“I said to somebody before ‘you better watch what you say about Northfield kids because they will wipe your backside when you’re in a care home’.”

Some Cults pupils aspire to get to Oxford University.  Picture by Shutterstock.

‘It is quite a wealthy area’

A sixth-year Cults Academy sixth year pupil, who did not want to be named, said the Quarry Road secondary’s success is perhaps down to two key elements.

She believes that the affluence of parents in the area helps their children because some can afford private tutors.

The pupil said that while she did not receive additional help outside school it is not uncommon.

She said: “It is quite a wealthy area so it may be the types of people that go to Cults Academy.

“The teachers are very good and perhaps it is that people tend to work quite hard.

“There is an ethic of ‘let’s try and do our best.’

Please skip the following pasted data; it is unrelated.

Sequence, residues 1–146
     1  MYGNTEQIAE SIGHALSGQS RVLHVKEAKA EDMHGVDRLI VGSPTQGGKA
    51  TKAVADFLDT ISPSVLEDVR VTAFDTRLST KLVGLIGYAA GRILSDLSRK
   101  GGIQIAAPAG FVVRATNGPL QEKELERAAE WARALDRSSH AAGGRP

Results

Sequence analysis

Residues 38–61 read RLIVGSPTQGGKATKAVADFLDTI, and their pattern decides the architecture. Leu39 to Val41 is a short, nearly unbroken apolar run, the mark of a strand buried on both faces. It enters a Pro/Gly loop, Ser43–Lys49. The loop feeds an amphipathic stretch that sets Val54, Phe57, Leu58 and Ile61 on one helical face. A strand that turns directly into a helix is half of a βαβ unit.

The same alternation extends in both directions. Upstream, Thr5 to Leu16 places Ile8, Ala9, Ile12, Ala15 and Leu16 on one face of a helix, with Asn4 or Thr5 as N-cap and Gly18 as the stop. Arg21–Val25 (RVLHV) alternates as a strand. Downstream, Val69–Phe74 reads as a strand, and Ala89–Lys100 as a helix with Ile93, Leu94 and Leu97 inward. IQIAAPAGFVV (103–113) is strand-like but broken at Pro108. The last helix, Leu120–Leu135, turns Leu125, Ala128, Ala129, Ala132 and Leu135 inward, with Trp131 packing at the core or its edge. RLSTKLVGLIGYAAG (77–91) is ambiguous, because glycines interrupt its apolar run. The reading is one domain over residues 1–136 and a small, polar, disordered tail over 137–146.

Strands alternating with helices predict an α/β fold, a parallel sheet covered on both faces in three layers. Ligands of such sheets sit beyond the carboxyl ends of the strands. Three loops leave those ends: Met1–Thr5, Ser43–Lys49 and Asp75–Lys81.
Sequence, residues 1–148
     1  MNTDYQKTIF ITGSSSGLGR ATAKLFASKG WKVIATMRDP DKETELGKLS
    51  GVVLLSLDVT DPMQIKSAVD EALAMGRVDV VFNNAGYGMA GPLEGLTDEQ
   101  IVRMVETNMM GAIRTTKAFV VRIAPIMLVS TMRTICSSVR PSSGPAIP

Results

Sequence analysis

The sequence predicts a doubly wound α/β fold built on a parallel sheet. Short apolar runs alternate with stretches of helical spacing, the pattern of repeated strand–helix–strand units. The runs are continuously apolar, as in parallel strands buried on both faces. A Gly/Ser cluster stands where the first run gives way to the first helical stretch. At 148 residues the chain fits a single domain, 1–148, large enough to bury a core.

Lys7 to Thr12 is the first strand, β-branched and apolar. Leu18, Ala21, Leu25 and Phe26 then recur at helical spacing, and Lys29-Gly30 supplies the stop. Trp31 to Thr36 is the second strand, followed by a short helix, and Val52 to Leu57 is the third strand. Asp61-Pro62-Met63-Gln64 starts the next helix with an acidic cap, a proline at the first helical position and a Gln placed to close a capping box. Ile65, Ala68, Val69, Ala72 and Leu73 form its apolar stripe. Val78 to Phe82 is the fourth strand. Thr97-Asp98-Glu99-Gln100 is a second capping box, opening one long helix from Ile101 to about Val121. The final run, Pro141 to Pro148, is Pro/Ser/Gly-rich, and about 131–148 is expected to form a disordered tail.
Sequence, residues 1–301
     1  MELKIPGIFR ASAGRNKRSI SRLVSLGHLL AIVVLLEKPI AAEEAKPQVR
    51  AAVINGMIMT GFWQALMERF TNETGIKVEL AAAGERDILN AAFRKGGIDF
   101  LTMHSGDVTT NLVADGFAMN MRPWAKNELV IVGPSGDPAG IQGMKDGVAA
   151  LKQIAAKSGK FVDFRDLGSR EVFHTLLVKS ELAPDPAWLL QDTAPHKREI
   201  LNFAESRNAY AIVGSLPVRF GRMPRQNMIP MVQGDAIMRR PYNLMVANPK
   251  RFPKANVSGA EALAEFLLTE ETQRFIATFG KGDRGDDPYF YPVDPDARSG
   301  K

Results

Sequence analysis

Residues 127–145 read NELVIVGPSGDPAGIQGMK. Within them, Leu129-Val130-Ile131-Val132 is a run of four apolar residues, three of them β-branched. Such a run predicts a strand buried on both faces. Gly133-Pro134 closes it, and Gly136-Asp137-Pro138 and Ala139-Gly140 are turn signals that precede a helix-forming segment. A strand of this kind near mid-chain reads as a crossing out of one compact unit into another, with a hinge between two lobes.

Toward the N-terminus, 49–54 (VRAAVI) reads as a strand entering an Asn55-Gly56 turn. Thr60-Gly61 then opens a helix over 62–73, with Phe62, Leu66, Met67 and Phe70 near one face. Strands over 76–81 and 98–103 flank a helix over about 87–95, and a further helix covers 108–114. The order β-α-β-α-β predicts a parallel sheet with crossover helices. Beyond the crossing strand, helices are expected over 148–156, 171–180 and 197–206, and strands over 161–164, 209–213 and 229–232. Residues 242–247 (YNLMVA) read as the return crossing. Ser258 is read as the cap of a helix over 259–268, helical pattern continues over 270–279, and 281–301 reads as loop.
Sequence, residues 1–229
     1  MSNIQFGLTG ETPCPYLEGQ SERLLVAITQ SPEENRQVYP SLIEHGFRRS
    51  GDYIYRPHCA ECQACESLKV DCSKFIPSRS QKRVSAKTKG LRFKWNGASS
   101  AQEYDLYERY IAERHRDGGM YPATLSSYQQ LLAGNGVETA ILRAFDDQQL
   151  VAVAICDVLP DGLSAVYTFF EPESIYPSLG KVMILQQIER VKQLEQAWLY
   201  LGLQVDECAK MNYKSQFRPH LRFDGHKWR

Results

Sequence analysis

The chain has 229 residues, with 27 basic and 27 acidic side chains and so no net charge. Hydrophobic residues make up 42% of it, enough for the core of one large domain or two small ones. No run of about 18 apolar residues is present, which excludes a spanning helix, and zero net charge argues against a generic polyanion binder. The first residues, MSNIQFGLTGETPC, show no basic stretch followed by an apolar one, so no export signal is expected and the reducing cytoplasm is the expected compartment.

“They (the school) definitely encourage you to do other things like jobs, apprenticeships and college.

“But I think there is an assumption that most people will go to university.

“I think quite a few people have tutors. I don’t.

“But quite a lot of people do have private tutors or that kind of thing.  I got by okay without it.”

Cults Academy recently had it’s leavers’ ball cancelled after “appalling behaviour” on the final day of school.

Cults Academy school building
Cults Academy, Cults, Aberdeen.  Picture by Darrell Benns.

What Aberdeen City Council have to say

Aberdeen City Council said that the percentage of young people gaining five or more Highers was “one benchmark.”

The local authority said schools in the city were “successful in creating a range of pathways” for youngsters which include university, college and jobs.

An Aberdeen City Council spokeswoman said: “Our schools have been successful in creating a range of pathways for young people which serve their interests and future aspirations, whether that be to seek employment or progress to further and higher education.